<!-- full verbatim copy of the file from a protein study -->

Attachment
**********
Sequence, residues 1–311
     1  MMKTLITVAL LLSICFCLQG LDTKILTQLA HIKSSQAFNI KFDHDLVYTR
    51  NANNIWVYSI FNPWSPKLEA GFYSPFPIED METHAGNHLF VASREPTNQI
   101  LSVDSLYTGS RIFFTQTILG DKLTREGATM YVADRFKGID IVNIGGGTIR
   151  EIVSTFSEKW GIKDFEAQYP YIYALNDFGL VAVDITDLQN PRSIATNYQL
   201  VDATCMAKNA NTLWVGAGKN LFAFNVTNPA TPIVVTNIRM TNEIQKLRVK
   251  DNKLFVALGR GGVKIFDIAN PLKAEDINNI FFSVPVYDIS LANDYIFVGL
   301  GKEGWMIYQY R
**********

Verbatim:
Sequence, residues 1–311
     1  MMKTLITVAL LLSICFCLQG LDTKILTQLA HIKSSQAFNI KFDHDLVYTR
    51  NANNIWVYSI FNPWSPKLEA GFYSPFPIED METHAGNHLF VASREPTNQI
   101  LSVDSLYTGS RIFFTQTILG DKLTREGATM YVADRFKGID IVNIGGGTIR
   151  EIVSTFSEKW GIKDFEAQYP YIYALNDFGL VAVDITDLQN PRSIATNYQL
   201  VDATCMAKNA NTLWVGAGKN LFAFNVTNPA TPIVVTNIRM TNEIQKLRVK
   251  DNKLFVALGR GGVKIFDIAN PLKAEDINNI FFSVPVYDIS LANDYIFVGL
   301  GKEGWMIYQY R